Reviews

Grandaddy

Like a string of overhead power lines running endlessly across remote, rolling fields and tree-dotted hills, Grandaddy brings a current of New Wave and prog-rock electricity to its lush, bucolic altcountry. Frontman Jason Lytle is cut from the same cloth as Wilco's Jeff Tweedy in that he's not afraid to tweak and expand their earthy, guitar-driven pop with the kind of eccentric, kid-in-a-candy-store studio geekery associated with guys like Alan Parsons and Dave Fridmann.

On their fourth album, Sumday, the Northern California quintet takes sweet, sun-baked melodies -- the kind of West Coast luminescence that gushed from FM stations in the mid-Seventies -- and fucks with 'em in all sorts of puckish ways. Witness the introductory moments of opener "Now It's On," where banjo meets an ominously buzzing synthesizer as if Jed Clampett had stumbled onto the set of Blade Runner. That gives way to a jaunty power-pop melody that's peppered with goofy keyboard stabs and a distant, Damon Albarn-style "woo-hoo!"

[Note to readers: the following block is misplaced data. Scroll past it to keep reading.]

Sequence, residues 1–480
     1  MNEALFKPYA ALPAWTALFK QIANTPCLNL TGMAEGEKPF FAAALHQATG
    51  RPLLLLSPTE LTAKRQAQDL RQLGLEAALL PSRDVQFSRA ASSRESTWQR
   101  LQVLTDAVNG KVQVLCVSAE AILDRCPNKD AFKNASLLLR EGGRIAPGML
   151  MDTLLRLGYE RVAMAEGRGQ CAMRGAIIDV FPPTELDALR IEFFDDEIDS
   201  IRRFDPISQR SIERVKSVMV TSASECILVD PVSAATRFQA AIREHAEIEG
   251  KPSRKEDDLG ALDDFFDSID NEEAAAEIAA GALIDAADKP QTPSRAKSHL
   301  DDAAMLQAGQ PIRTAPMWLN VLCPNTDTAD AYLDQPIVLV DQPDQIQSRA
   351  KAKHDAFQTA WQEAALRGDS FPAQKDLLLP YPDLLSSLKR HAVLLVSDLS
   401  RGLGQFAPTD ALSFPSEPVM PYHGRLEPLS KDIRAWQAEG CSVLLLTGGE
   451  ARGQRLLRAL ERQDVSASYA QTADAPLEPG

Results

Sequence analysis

Similarly odd juxtapositions appear throughout the album, though they recede slightly on tracks like "El Caminos in the West" and "Stray Dog and the Chocolate Shake" to allow the group's effortless poignancy and bittersweet lyrics to take center stage. The quintet also plays it mostly straight on the wistful "O.K. With My Decay" and "Lost on Yer Merry Way," both of which will be an absolute joy to any Pernice Brothers fan. It's during these moments when Grandaddy is at its most special and captivating.